Graham then argued that there was some good news about entitlement reform – if we act now we can fix the problem without draconian solutions. The bad news, he suggested, was that time is running out. Graham stated his belief that the next President, whoever he or she is, would have to deal with this problem, and that he would work with them whoever they were. As part of the solution, he proposed raising the cap on taxable income. Although he supports this tax increase, he suggested that it would only solve a little part of the problem, and that “the real prize” was in benefit reductions. He declared that current scheduled benefits are unsustainable, and therefore “false promises.” He offered possible support for something like “progressive indexing,” which would reduce benefits more for the wealthy, and not at all for the poor – and would close 70% of the deficit. He also argued that there should be a growth component of reform (personal accounts), but it should be small and progressive enough so as not unravel the safety-net component. This component, he suggested, should resemble the Thrift Savings Plan, so that people can feel secure in their retirement.
Graham closed with some basic suggestions: that Republicans should stop thinking we can grow our way out of the problem, that Democrats should accept that “new ideas” be part of the solution, that the benefits formula must be adjusted, and that the retirement age should change based on life expectancy. He also declared that Social Security reform could serve as a gateway to Medicare reform, and that nothing could happen unless “the politics of problem solving” triumph over interest group politics.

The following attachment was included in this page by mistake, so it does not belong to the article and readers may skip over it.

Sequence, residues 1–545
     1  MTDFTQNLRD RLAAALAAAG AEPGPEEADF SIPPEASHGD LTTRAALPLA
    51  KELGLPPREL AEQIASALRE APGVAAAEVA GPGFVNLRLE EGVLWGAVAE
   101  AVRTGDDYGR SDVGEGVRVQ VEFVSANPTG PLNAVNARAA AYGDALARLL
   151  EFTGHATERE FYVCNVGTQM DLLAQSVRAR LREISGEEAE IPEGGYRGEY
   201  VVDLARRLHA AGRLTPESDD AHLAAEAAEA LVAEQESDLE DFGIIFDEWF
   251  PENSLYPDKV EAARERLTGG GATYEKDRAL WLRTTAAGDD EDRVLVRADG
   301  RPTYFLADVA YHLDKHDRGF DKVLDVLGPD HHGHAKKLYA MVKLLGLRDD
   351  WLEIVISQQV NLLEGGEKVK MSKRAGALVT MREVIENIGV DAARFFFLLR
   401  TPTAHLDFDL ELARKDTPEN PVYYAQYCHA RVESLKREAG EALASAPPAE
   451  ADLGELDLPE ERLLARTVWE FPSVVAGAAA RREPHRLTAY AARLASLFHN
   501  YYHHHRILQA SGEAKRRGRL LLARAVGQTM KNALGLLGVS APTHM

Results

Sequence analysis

The political panel included former Representative and Co-chairman of the Committee for a Responsible Federal Budget, Bill Frenzel, former Sen. Don Nickles, and political consultant Michael Bocian. Sen. Nickles complimented his colleagues (Graham and Carper) for their willingness to address the long-term entitlements crisis, but noting that they would have more luck if they were on the Finance Committee. Nickles recalled a time, when Sens. Breaux, Kerrey, and Moynihan (all moderate Democrats with regards to fiscal issues) were on the Finance Committee, and they made a concerted effort to work with President Clinton. Unfortunately, he recalled, President Clinton was unwilling or unable to act. Nickles claimed that President Bush was willing to act, and spent a lot of capital on a good policy for Social Security reform, but ultimately failed.
Nickles argued that big issues like Social Security and Medicare can only be solved when the two parties work together, stating that “big solutions require bipartisan support”. He then went on to suggest that Social Security and Medicare were both behind the private sector – Social Security because it is largely unfunded, and only a defined benefit program, while private pensions are almost fully funded, and Medicare because it offers first-dollar payment, as opposed to a more “catastrophic coverage” insurance regime. Nickles also suggested that raising the payroll tax cap would be a bad idea. He then moved onto healthcare, which he stated was the real problem. He argued that new proposals to expand healthcare would be very expensive, and would hit taxpayers and corporations very hard. He suggested that raising the capital gains tax to pay for them would be disastrous for the economy and raise very little revenue since (in his estimation) the cuts had “paid for themselves”.